Goal-setting theory also deals with challenge and complexity of the tasks which people have to fulfill during their work. The theory argues that there is a direct connection between the challenge and complexity of tasks and the ability of people to perform. “Goal-setting research has shown repeatedly that people who try to attain specific and challenging (difficult) goals perform better on tasks than people who try for specific but moderate or easy goals, vague goals such as "do your best," or no goals at all.
” (Hartmut et al, 1990, p. 4). In many cases, those employees who are not afraid of difficulties and prefer to work in order to achieve the highest goals are very successful. Even though they might not always achieve their goals due to the lack of luck or any other factors, they eventually come to the point when everything finally works out the best possible way for them. At the same time, those people who never set high goals for themselves usually end up performing on the average level and thus never show any brilliant results.
They might even be capable of achieving a lot but they are too shy or too lazy to fight for success and end up achieving only insignificant goals which do not have a great influence on their performance. Therefore, the goal-setting theory states that the goal difficulty positively correlates with the employees’ performance. However, some other motivation theories do not agree with this statement. “The finding of goal-setting theory, that performance is a positive function of goal difficulty (assuming adequate ability), is at odds with achievement motivation theory”.
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(Hartmut et al, 1990, p. 4). For example, achievement motivation theory argues that setting high goals is not as beneficial for employees are setting realistic moderate goals. For some employees, it might really be true that they perform at the highest level when they have very much pressure and are working to achieve a high goal. However, those are rather exceptions than the rule because an average employee has the highest performance when the goals which he sets answer his level.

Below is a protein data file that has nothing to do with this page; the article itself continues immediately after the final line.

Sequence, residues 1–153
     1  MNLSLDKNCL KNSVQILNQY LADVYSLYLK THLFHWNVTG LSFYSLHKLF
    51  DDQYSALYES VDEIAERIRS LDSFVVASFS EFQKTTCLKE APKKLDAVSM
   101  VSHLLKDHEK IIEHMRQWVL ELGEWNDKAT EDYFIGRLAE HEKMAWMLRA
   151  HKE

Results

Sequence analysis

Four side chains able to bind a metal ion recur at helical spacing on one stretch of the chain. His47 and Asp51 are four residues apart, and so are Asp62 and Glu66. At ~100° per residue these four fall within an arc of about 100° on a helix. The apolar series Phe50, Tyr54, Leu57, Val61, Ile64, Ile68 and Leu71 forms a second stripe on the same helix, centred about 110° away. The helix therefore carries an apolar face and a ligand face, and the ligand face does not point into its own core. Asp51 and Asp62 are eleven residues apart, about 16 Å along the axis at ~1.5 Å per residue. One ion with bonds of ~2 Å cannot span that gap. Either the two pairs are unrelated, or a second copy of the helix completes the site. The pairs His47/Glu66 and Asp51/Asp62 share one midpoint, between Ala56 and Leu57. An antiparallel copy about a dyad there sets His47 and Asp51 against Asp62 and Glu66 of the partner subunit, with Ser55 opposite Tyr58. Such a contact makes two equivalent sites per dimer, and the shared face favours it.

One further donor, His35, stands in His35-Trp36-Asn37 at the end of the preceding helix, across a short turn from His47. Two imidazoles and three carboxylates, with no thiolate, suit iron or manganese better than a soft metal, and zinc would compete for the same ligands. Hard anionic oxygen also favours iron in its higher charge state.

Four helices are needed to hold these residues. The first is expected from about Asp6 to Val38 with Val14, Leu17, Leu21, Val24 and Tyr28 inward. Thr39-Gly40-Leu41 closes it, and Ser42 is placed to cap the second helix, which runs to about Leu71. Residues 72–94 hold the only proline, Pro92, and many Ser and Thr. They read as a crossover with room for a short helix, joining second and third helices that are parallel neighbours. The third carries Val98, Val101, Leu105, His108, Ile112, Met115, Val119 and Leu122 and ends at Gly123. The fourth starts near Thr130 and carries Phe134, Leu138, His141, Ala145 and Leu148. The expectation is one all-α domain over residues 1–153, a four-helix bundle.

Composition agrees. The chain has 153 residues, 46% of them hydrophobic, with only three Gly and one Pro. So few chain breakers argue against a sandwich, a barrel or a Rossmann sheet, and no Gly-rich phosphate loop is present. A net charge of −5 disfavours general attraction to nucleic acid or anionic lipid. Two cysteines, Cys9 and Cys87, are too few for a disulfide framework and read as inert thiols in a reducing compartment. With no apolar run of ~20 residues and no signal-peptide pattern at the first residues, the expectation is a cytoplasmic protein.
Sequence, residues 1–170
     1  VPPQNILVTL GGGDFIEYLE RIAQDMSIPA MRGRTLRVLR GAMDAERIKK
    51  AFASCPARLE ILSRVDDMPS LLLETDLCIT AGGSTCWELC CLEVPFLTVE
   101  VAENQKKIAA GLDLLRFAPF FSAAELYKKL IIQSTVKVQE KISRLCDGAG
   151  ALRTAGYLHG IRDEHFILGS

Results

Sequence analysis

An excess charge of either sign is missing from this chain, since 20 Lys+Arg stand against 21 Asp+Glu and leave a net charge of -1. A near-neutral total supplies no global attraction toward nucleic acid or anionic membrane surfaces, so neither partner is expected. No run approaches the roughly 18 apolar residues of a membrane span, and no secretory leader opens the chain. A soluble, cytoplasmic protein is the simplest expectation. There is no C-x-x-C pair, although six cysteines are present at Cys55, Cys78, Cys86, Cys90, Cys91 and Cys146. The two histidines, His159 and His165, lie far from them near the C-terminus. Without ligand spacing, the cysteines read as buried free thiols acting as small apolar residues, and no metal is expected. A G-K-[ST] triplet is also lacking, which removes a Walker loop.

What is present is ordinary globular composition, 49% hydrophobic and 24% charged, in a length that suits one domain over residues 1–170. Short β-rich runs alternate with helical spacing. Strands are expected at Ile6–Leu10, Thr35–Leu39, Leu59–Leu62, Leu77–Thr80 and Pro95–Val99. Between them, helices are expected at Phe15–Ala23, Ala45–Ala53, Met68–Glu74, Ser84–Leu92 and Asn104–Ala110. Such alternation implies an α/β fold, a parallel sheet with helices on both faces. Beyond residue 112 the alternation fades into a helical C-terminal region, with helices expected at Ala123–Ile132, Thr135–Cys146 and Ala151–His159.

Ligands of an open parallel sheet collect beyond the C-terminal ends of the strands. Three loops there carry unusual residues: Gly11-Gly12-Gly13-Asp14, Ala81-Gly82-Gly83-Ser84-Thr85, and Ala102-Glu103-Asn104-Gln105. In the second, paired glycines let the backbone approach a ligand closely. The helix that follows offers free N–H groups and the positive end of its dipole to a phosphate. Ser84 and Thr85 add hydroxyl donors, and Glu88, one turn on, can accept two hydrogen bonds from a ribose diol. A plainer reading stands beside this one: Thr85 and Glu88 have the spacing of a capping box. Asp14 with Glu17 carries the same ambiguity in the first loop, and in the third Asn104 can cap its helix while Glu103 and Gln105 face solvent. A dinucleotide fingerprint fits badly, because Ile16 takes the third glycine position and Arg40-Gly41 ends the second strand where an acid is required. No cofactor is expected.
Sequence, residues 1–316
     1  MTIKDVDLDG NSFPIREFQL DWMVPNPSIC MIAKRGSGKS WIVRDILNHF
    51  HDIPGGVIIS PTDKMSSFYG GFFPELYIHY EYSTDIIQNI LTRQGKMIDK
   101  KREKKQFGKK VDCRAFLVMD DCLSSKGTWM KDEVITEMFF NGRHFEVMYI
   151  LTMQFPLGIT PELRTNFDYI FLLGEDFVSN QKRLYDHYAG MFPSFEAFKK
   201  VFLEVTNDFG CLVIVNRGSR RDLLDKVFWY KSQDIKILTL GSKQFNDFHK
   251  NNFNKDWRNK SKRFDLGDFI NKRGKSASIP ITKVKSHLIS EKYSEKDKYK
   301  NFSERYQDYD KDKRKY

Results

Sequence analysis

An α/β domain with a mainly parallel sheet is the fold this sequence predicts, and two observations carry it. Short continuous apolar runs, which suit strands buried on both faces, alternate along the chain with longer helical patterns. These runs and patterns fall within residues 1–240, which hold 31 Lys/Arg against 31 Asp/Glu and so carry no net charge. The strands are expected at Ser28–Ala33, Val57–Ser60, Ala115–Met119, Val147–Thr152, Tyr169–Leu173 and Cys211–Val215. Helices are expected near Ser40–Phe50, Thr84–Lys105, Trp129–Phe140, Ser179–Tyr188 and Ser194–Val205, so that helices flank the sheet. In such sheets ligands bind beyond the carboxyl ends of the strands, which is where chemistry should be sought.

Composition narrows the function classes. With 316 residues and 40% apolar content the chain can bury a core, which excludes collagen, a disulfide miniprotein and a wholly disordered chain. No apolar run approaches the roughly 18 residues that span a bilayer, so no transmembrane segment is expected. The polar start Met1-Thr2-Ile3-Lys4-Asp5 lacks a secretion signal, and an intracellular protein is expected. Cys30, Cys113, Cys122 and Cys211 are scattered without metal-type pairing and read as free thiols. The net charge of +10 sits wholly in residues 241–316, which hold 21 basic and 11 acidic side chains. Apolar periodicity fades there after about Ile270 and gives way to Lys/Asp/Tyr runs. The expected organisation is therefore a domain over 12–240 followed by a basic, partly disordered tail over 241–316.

“Achievement motivation theory asserts that maximum motivation will occur at moderate levels of difficulty where the product of probability of success and the incentive value of success is highest. ” (Hartmut et al, 1990, p. 5). It is impossible to make a conclusion concerning which approach is correct. The goal-setting theory’s arguments can be very efficient for employees driven by desire to get promoted and recognized. They will perform at the highest level when they see how important their work is.
For employees who do not strive for success as much, moderate goals will be much more effective because they will not put very much pressure on them and at the same time let them realize their potential. The goal-setting theory makes some remarks in that regard. For example, it states that individuals actually have limits of their abilities and there is a need to raise their goals only until the level at which they are capable to perform. It is certainly impossible to determine what the limit of an employee’s abilities is, but it is necessary to try and obtain the most accurate forecasts.
No matter how ambitious an employee is, setting unreachable goals for him will never lead to any positive results. “Goal-setting research has found that the relation of goal difficulty to performance is curvilinear after the limit of ability has been reached. ” (Hartmut et al, 1990, p. 6). The goal-setting motivation theory is a very effective theory of motivation because it regards goals as the basic factors of individual performance. It also states that people’s motivation is guided by conscious factors and thus enables managers to influence their employees’ performance efficiently, through the impact on their consciousness.
The correct set of goals is able to motivate a person and lead him to the achievement of great results. At the same time, the wrong choice of goals can prevent the employee from realization of his potential. If the individual feels that the goals which he needs to achieve are too moderate for him, he can get disinterested in his work.
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Motivation, Planning, and Action: A Relational Theory of Behavior Dynamics. Leuven University Press; Lawrence Erlbaum Associates, 1984. 3. Hartmut Hacker, Uwe Kleinbeck, Hans-Henning Quast, Henk Thierry. Work Motivation Lawrence Erlbaum Associates, 1990. 4. Lens Willy M. , Nuttin Joseph B. Future Time Perspective and Motivation: Theory and Research Method. Lawrence Erlbaum Associates, 1985. 5. Locke, E. A. Motivation through conscious goal setting. Applied and Preventative Psychology, 5,117-124. 1994. 6. Maslow, A. Motivation and personality. New York: Harper. 1954.
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